SCIENCE for MONKS

creating science learning communities with tibetan buddhist monastics since 2001

Tibetan Monastic Science Leaders

Gaden Science Leadership Group

"We wrote about the origins of life from the scientific viewpoint, the Buddhist point, and also the Tibetan medical viewpoint"

"I love writing, my main aim is to share knowledge, especially science, with other students – my monk classmates and all the monks"

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Group Projects

Writing About Origins - 2009

Members of the group have been working on an extended piece of writing about personal traits, genetics and the evolution of DNA. The 30-page article investigates the building blocks of DNA and traces back the cosmic history of its components to the early universe.

The group decided on this topic during one of their group meetings. The writing process for the group started with each member individually writing a few pages introducing the main ideas they thought were most salient to include in the article. Subsequently, they met again to discus these writings and created an outline for the extended article. They chose a member of their group, Kalsang Gyaltsen, an avid writer, to be the lead author – it was his job to collect needed content from the group and finalize the draft. The group hopes to continue this work and someday publish a book, a comparison between biology, cosmology and Buddhism.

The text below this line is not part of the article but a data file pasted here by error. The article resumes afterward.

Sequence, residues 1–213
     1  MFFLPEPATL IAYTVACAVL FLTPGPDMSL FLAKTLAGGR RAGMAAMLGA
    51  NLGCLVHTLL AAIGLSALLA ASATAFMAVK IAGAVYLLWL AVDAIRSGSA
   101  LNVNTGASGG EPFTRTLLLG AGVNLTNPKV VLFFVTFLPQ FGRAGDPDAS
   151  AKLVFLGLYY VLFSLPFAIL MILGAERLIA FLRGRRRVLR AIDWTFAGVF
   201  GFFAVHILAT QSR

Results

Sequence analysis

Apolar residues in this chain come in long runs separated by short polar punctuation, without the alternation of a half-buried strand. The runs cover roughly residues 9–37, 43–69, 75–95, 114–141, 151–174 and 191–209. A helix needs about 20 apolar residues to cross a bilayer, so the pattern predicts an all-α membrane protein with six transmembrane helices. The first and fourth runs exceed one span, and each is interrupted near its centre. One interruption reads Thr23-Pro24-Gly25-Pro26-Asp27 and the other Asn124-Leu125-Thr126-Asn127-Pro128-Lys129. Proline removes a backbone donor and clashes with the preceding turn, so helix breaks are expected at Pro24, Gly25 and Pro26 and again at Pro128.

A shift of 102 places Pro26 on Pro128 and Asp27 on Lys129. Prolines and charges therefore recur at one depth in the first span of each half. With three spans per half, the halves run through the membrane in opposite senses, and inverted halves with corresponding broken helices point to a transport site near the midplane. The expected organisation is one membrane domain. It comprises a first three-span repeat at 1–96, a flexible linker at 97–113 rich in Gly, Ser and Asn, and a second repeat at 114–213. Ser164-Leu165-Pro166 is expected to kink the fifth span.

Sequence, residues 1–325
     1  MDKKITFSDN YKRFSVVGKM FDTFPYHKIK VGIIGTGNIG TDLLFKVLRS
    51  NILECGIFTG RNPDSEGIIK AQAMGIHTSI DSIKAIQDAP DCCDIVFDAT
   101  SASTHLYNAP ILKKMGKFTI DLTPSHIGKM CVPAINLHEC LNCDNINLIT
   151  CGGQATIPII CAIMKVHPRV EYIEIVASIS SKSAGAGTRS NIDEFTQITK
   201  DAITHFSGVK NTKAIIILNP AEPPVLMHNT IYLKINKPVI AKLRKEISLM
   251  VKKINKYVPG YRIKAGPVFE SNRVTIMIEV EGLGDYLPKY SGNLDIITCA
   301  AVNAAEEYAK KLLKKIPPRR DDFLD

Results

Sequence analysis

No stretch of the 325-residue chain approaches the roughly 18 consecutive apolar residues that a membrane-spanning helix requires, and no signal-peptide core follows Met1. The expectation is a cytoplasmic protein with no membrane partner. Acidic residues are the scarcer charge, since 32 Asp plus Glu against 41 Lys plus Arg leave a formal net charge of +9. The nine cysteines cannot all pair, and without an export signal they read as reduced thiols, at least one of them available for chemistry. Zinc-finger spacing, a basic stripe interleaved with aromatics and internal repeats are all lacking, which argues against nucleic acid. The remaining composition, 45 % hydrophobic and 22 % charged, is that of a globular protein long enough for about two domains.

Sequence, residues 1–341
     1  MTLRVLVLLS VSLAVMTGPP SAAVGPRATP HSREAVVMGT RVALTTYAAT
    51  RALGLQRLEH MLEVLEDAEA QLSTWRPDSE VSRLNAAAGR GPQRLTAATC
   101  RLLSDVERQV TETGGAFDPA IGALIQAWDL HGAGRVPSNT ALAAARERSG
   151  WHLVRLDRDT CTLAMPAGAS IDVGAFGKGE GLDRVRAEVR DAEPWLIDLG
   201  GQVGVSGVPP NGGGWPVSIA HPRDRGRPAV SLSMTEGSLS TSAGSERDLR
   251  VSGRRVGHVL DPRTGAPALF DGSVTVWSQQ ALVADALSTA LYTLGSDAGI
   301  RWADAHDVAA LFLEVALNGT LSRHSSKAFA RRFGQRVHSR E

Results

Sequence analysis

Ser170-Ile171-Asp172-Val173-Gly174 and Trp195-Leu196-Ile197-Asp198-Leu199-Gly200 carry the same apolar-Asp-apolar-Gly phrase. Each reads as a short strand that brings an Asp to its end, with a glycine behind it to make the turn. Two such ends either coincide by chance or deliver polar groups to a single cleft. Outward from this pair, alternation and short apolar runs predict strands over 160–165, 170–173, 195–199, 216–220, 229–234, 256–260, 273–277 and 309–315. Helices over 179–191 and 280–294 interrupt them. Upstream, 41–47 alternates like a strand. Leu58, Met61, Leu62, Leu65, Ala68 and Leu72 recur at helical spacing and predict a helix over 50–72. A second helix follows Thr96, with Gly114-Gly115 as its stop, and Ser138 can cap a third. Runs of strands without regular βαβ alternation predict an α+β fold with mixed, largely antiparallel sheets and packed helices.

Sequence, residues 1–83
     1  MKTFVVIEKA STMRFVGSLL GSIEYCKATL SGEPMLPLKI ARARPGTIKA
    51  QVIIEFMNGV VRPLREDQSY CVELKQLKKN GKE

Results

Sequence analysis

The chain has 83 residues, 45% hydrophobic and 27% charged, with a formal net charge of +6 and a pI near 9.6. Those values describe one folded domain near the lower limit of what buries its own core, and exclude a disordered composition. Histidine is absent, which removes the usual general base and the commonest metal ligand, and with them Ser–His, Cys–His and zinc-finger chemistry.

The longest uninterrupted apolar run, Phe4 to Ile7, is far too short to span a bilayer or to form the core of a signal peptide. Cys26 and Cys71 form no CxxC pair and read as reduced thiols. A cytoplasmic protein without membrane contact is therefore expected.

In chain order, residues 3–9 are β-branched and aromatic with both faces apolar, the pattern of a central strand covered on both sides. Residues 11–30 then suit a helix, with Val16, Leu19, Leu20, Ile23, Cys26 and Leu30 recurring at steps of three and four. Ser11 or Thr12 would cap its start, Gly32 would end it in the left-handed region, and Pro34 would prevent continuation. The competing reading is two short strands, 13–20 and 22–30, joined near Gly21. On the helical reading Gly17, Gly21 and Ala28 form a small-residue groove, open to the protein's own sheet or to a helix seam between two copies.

"We wrote about the origins of life from the scientific viewpoint, the Buddhist point, and also the Tibetan medical viewpoint"

"When you talk of the first gene, how it happened in the past, we also need to talk about how the universe formed, and than how genes and DNA formed"

"I love writing, my main aim is to share knowledge, especially science, with other students – my monk classmates and all the monks" – Kalsang Gyaltsen

Discussing Science with Younger Monks - 2009

Lodeo Sangpo was honored to meet the requested by his monastery to teach 4th grade Tibetan language and history. He teaches six days a week, and on the last day of the week, he talks with them about science and introduces the young monks to scientific ideas and activities. He intermixes the science discussions, with stories of his experiences learning science from the western teachers. The launch of K-12 secular schools is a major change that has occurred within the monastic community in exile. Young monks now join the secular school and upon completing the local equivalent of high school, join the Buddhist science program of study at the monastery.

"It seems they're very interested when I talk about science, they ask many questions"
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